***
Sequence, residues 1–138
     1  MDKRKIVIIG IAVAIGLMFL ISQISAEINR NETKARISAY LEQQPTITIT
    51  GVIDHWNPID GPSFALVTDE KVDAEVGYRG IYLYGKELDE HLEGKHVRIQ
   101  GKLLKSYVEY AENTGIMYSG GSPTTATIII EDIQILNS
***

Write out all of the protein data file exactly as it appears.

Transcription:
Sequence, residues 1–138
     1  MDKRKIVIIG IAVAIGLMFL ISQISAEINR NETKARISAY LEQQPTITIT
    51  GVIDHWNPID GPSFALVTDE KVDAEVGYRG IYLYGKELDE HLEGKHVRIQ
   101  GKLLKSYVEY AENTGIMYSG GSPTTATIII EDIQILNS